In the United States, an estimated 70% of heavy metals in landfills come from discarded electronics (source: https://www.scientificamerican.com/article/earth-talk-recycling-e-equipment/). Over 3 million tons of e-waste is discarded every year in the United States alone, and much of this waste is simply dumped. However, some does make its way into the recycling system. Electronics contain valuable, and often rare metals, such as copper and gold, in addition to hazardous chemicals. Recycling allows these substances to be recaptured without additional mining, and ensuring that hazardous materials do not end up in a landfill, ideally. Studies indicate that 50-80% of the 300,000 to 400,000 tons (270,000 to 360,000 tonnes) of e-waste is being sent overseas, and that approximately 2 million tons (1.8 million tonnes) per year go to U.S. landfills. It has been noted that much of this e-waste is recycled through environmentally hazardous means. For example, copper wiring is often recaptured by burning the plastic covering off, leaving the copper behind. This has created many infamous e-waste dumping grounds in India, Africa, and other developing countires that are steeped in pollution.
So what about e-cigarettes in particular? Research on this burgeoning industry is scare, but based on an article titled “Hazardous waste status of discarded electronic cigarettes.” the potential for disposable electronic cigarettes to be classified as hazardous waste was investigated. The abstract of this article states “The Toxicity Characteristic Leaching Procedure (TCLP) was performed on 23 disposable e-cigarettes in a preliminary survey of metal leaching. Based on these results, four e-cigarette products were selected for replicate analysis by TCLP and the California Waste Extraction Test (WET). Lead was measured in leachate as high as 50mg/L by WET and 40mg/L by TCLP. Regulatory thresholds were exceeded by two of 15 products tested in total. Therefore, some e-cigarettes would be toxicity characteristic (TC) hazardous waste but a majority would not. When disposed in the unused form, e-cigarettes containing nicotine juice would be commercial chemical products (CCP) and would, in the United States (US), be considered a listed hazardous waste (P075). While household waste is exempt from hazardous waste regulation, there are many instances in which such waste would be subject to regulation. Manufactures and retailers with unused or expired e-cigarettes or nicotine juice solution would be required to manage these as hazardous waste upon disposal. Current regulations and policies regarding the availability of nicotine-containing e-cigarettes worldwide were reviewed. Despite their small size, disposable e-cigarettes are consumed and discarded much more quickly than typical electronics, which may become a growing concern for waste managers.”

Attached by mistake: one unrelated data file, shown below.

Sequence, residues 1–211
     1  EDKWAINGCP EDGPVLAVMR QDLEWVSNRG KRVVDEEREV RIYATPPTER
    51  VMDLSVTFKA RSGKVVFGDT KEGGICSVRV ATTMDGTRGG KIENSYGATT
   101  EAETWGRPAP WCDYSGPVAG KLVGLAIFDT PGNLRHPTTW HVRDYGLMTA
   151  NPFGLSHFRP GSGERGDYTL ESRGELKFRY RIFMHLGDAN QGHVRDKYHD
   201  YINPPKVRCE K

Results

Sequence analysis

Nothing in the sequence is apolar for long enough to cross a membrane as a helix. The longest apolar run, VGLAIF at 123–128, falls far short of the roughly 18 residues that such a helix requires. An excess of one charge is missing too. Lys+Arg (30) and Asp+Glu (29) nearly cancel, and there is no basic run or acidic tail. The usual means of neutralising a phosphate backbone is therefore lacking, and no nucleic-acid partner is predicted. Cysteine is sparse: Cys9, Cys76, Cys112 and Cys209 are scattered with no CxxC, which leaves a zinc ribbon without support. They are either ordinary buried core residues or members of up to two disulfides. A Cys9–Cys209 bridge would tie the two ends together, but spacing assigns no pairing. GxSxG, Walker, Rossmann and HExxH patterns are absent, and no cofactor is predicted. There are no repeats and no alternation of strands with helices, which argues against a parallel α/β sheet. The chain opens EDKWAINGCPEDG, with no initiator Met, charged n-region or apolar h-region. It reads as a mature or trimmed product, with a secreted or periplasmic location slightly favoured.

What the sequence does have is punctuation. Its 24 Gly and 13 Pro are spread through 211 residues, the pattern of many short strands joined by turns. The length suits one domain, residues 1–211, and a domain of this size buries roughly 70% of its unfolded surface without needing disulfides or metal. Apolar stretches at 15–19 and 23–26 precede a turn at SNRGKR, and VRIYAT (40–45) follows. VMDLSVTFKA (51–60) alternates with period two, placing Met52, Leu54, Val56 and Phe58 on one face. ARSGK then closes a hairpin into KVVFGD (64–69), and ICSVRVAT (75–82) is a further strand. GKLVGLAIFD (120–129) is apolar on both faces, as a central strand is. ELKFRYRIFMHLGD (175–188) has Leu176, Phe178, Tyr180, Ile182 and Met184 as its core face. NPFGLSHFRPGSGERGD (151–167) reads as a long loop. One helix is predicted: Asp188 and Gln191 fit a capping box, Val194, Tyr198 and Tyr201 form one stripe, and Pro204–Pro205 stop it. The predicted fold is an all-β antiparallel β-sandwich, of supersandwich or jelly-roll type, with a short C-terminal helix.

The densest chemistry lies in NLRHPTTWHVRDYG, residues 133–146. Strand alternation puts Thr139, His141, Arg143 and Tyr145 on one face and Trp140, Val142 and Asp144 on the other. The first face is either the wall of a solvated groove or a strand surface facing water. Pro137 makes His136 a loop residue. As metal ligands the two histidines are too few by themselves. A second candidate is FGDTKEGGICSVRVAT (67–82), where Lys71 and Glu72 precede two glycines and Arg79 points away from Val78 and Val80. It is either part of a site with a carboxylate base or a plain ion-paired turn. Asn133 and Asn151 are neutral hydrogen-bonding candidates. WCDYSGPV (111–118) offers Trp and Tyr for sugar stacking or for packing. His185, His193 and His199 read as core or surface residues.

So where does this leave vapers? This short article has only begun to scratch the surface of the various threads and comparisons in regarding the environmental impact of vaping compared to cigarettes. While it is a cleaner way for vapers to satisfy their habit, the many factors that come into play from production to end of life is difficult to untangle. However, it seems clear that vaping is not 100% wholesome and vapers can help in their own way to ensure devices that still function continue to be used or given a new home, old devices make their way to responsible recycling centers, and the need to purchase new devices is weighed against the usefulness and effect its production has on our environment.